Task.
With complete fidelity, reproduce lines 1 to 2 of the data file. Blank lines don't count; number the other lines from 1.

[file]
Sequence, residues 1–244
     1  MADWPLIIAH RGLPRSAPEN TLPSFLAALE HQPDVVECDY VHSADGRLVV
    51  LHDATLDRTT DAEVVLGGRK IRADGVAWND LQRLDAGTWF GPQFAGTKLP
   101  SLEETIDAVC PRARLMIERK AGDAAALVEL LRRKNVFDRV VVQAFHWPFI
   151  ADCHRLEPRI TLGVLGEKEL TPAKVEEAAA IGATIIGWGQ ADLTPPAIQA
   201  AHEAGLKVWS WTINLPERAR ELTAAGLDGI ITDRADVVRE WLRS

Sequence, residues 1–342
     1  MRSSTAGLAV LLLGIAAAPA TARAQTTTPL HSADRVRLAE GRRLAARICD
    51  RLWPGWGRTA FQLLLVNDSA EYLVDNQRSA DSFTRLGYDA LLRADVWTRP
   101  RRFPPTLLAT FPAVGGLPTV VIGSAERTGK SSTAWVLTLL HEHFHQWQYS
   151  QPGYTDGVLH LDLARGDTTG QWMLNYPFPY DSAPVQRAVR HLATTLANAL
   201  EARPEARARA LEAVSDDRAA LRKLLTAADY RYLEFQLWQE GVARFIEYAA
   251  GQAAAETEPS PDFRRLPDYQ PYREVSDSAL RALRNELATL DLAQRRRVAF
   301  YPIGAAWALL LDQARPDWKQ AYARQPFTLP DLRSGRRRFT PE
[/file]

Sequence, residues 1–244
     1  MADWPLIIAH RGLPRSAPEN TLPSFLAALE HQPDVVECDY VHSADGRLVV